Bat Out of Hell III: The Monster Is Loose

Bat Out of Hell III: The Monster Is Loose

4.2 5
by Meat Loaf

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As anyone in Hollywood will tell you, creating a sequel that's successful both commercially and artistically is one of the toughest tricks to pull off -- a degree of difficulty that ramps up exponentially when trying to go to the well for a third time. Well, some three decades after bringing forth one of the biggest-selling (and most cinematic) albums in rock history,…  See more details below


As anyone in Hollywood will tell you, creating a sequel that's successful both commercially and artistically is one of the toughest tricks to pull off -- a degree of difficulty that ramps up exponentially when trying to go to the well for a third time. Well, some three decades after bringing forth one of the biggest-selling (and most cinematic) albums in rock history, Meat Loaf has managed to do just that on this appropriately outsized completion of the Bat trilogy. The Monster Is Loose is clearly the fruit of the same family tree that bore Bat Out of Hell and 1993's Back into Hell, but it also conveys a sense of progression that's palpable -- in both the heaviness of its sound and the feistiness of its presentation. The shift has a lot to do with the presence of songwriters other than Jim Steinman -- the man who crafted the classics on the first two discs but bowed out midway through Monster due to health reasons. Steinman's contributions, characterized by the soaring "Seize the Night," which brings a children's choir into the mix, exude all the grandeur that Meat Loaf fans have come to expect. That vibe reaches its zenith on "It's All Coming Back to Me Now," a song popularized by Celine Dion but perfected here by the Loaf and duet partner Marion Raven. It's intriguing to witness how well Meat and company manage the integration of other voices, like Nikki Sixx and White Zombie/Marilyn Manson vet John 5, who bring an industrial tinge to the gnarled title track. On the other end of the spectrum, producer Desmond Child imparts a lush Euro-styled vibe to a passel of his compositions, notably "If God Could Talk." Meat Loaf has implied that this is his swan song -- and if that's the case, it'll be one of those rare instances of an artist clearly going out on the top of his game.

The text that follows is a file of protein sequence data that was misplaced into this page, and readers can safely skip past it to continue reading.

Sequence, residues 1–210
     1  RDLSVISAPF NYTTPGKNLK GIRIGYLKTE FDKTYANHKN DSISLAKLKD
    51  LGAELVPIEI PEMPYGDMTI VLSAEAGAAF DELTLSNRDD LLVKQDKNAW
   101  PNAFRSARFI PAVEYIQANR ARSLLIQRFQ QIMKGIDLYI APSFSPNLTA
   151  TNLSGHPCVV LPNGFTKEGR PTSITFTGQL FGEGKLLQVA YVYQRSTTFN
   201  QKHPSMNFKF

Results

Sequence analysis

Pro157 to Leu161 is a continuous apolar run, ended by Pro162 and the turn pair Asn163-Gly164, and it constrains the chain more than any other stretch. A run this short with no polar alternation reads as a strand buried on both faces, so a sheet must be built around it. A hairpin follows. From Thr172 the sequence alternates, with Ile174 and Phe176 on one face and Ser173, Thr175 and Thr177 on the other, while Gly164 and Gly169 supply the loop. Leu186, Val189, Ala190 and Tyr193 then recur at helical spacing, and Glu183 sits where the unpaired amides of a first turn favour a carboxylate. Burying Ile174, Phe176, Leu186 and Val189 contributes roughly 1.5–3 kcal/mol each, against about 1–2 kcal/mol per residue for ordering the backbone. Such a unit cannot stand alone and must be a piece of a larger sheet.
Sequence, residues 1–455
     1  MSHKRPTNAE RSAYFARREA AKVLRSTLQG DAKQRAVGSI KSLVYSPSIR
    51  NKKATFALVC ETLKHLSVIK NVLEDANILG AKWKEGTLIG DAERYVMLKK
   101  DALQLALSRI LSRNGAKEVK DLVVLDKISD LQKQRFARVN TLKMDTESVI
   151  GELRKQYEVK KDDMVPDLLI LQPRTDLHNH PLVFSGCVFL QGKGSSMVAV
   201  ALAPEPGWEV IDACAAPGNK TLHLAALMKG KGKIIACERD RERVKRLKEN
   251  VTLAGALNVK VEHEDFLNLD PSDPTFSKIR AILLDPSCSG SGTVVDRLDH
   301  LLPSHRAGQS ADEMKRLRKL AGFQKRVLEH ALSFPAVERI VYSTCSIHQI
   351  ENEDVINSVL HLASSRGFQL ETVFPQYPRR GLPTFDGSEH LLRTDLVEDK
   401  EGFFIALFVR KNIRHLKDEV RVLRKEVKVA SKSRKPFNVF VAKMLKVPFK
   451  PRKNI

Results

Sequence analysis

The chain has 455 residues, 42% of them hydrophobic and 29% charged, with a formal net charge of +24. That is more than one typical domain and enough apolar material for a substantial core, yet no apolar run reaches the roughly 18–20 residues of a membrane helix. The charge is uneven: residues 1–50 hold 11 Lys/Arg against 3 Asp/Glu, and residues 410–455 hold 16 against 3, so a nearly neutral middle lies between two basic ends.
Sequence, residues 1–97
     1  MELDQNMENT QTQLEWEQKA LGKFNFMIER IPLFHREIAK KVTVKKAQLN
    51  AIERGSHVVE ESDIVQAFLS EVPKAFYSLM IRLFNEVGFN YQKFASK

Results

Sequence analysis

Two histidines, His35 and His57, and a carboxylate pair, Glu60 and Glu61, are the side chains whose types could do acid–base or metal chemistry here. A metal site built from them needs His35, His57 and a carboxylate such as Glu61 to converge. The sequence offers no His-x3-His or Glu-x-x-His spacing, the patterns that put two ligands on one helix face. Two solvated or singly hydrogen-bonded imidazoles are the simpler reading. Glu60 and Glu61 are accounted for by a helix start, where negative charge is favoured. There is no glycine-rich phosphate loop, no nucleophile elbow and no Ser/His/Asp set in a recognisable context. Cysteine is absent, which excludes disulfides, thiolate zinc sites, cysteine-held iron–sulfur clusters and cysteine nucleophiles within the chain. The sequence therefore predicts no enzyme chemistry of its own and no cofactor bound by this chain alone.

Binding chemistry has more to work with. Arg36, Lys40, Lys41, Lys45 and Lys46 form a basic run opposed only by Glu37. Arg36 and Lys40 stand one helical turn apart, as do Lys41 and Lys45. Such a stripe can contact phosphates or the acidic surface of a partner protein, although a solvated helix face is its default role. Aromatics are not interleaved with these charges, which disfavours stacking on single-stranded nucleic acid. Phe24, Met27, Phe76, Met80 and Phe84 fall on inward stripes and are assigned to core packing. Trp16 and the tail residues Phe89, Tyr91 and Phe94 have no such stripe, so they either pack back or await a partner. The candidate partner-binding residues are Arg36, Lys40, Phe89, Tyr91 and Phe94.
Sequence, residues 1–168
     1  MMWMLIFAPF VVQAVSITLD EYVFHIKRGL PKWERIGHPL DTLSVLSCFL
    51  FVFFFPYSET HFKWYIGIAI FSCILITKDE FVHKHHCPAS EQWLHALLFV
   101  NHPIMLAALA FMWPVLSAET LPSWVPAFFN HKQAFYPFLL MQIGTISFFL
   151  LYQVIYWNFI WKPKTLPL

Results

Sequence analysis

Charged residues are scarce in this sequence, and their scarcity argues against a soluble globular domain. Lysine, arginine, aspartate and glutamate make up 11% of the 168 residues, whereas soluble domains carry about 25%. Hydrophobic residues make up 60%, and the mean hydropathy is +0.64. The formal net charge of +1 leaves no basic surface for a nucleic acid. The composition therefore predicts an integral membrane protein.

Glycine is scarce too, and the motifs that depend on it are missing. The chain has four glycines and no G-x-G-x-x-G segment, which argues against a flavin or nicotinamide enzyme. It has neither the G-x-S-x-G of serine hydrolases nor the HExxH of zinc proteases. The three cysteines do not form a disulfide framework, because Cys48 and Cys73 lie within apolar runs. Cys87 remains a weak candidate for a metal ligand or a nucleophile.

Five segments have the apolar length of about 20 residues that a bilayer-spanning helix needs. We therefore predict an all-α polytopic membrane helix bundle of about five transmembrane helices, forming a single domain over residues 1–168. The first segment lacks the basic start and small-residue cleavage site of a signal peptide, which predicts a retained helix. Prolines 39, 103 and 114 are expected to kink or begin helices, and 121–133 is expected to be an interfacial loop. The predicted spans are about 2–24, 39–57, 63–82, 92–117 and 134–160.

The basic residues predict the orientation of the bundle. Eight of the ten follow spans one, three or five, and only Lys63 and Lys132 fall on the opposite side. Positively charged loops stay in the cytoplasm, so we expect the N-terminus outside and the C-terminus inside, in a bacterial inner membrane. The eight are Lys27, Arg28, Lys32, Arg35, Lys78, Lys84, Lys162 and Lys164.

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Editorial Reviews

All Music Guide - Stephen Thomas Erlewine